Mean age of 63.3–67.2 years was reported with a predominance of male patients. Features such as hypertension, dyslipidemia and current smoking were also reported in patients with ITDM and NITDM, as shown in Table 3. Overall, there was no significant difference in baseline features between the diabetic patients with and without insulin therapy.

Main Analysis Results

Results of this analysis showed early stent thrombosis to be significantly higher in patients with ITDM (OR 1.81, 95% CI 1.04–3.15; P = 0.04), but late stent thrombosis was not significantly different following PCI with DES in diabetic patients with versus without insulin therapy (OR 1.44, 95% CI 0.73–2.84; P = 0.30), as shown in Fig. 2. Very late stent thrombosis was also not significantly different (OR 0.80, 95% CI 0.33–1.92; P = 0.62), as shown in Fig. 2.
Fig. 2

Early, late and very late stent thrombosis in patients with type 2 diabetes mellitus who were treated with versus without insulin following percutaneous coronary intervention with drug-eluting stents

Late stent thromboses associated with different individual DES subgroups were also analyzed separately. Late stent thromboses associated with PES and EES were also not significantly different between patients with ITDM and NITDM (OR 0.63, 95% CI 0.18–2.20, P = 0.47 and OR 0.66, 95% CI 0.11–3.89, P = 0.65, respectively), as shown in Fig. 3. Even if late stent thrombosis associated with ZES was significantly higher in patients with ITDM (OR 3.14, 95% CI 1.20–8.20; P = 0.02), only two studies with an insufficient number of patients comprised this particular subgroup, which was insufficient for reaching conclusions.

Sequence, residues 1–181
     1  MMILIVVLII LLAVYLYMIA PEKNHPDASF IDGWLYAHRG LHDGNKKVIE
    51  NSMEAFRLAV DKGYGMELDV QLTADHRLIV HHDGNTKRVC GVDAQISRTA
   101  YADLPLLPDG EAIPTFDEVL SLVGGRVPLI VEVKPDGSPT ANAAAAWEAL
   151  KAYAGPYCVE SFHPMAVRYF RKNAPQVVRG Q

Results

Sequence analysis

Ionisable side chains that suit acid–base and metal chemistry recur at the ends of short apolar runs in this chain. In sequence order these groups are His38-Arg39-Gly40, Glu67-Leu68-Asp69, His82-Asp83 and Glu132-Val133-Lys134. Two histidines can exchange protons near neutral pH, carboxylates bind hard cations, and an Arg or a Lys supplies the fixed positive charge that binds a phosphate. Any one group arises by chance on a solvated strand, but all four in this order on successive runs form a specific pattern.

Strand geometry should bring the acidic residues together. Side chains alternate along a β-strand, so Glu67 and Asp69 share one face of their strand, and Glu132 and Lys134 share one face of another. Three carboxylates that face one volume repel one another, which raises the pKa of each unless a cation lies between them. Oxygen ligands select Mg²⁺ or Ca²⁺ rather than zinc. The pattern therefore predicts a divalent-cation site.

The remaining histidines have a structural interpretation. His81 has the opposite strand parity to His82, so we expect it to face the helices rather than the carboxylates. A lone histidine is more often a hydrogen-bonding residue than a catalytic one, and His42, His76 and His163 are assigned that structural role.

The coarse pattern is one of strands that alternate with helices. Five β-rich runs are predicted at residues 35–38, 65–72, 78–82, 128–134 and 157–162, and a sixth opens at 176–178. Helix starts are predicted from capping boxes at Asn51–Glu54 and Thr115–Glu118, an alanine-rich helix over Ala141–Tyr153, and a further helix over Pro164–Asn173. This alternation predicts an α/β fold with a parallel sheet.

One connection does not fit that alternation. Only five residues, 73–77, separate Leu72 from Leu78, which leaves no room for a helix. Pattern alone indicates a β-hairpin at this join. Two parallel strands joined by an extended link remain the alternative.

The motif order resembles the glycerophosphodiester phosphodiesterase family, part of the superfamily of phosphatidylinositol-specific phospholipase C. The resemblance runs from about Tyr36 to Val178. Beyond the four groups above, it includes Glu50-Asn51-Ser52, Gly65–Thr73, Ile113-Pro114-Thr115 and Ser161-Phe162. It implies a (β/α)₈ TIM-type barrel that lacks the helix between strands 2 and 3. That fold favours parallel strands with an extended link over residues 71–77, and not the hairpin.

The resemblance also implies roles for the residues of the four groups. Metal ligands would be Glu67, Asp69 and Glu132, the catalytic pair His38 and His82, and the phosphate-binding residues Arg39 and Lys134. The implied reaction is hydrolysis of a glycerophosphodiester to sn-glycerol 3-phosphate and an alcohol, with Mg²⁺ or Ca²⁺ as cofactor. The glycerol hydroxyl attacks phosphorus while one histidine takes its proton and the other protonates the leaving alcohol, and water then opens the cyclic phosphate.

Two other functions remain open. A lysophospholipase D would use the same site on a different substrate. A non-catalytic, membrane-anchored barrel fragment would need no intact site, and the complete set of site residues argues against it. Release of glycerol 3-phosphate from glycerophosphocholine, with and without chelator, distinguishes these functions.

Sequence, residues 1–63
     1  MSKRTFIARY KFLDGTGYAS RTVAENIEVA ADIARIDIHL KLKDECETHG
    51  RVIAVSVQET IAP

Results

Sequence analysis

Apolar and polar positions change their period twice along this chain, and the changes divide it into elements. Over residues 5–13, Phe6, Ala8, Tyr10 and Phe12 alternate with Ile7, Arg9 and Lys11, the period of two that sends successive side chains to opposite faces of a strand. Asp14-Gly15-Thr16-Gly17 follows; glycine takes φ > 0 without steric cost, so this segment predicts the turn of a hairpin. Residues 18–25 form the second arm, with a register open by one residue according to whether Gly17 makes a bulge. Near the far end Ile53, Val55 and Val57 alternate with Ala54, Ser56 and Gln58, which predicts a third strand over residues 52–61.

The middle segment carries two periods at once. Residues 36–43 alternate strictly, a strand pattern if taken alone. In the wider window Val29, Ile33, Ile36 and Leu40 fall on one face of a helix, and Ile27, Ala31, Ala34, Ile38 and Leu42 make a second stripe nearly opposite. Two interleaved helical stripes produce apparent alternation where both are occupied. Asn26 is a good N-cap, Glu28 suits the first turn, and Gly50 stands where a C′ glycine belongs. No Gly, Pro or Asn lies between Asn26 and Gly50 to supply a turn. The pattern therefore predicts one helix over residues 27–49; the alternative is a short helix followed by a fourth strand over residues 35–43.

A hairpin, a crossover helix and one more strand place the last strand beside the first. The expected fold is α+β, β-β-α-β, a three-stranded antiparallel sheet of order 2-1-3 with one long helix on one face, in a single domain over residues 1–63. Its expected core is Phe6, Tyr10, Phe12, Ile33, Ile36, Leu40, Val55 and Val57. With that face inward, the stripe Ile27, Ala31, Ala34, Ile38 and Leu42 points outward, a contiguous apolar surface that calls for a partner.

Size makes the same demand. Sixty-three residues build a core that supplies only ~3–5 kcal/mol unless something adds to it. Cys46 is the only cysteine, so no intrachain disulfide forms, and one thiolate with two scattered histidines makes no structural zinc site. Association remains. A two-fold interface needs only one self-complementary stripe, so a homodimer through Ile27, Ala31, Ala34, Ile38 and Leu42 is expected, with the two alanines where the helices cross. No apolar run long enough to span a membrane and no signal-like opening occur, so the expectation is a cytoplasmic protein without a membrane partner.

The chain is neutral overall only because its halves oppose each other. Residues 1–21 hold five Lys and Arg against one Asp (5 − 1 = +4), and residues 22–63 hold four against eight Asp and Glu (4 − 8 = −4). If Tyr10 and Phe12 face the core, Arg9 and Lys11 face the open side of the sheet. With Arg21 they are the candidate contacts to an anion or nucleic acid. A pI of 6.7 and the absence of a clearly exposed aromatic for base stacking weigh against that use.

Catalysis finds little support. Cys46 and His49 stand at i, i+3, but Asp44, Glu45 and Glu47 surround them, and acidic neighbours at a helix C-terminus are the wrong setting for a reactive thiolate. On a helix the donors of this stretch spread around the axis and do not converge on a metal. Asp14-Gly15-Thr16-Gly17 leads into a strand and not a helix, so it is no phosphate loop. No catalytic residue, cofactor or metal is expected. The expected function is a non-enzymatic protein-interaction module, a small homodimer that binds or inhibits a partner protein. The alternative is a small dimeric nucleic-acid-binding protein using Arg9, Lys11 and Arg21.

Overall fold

Fig. 3

Late stent thrombosis in patients with insulin-treated versus non-insulin-treated type 2 diabetes mellitus with individual drug-eluting stents (EES, PES, ZES)

Sensitivity analysis was consistent throughout the analysis.

Evidence of publication bias was minimal across the studies that were involved in assessing early and late stent thrombosis in the patients with ITDM and NITDM, as shown in Figs. 4 and 5.
Fig. 4

Funnel plot showing publication bias (A)

Fig. 5

Funnel plot showing publication bias (B)

Discussion

Previous meta-analyses based on ITDM patients with cardiac problems were well appreciated [2, 13].

Nevertheless, even though the authors assessed stent thrombosis in their previous work, this particular outcome was not assessed in detail. We therefore came up with the new idea of systematically comparing early, late and very late stent thrombosis post-PCI in patients with ITDM and NITDM.

In the previous analysis, stent thrombosis was shown to be significantly higher in patients with ITDM compared with NITDM (OR 1.66, 95% CI 1.16–2.38, P = 0.005 for short-term ST; OR 1.59, 95% CI 1.21–2.10; P = 0.001 for long-term ST) [2].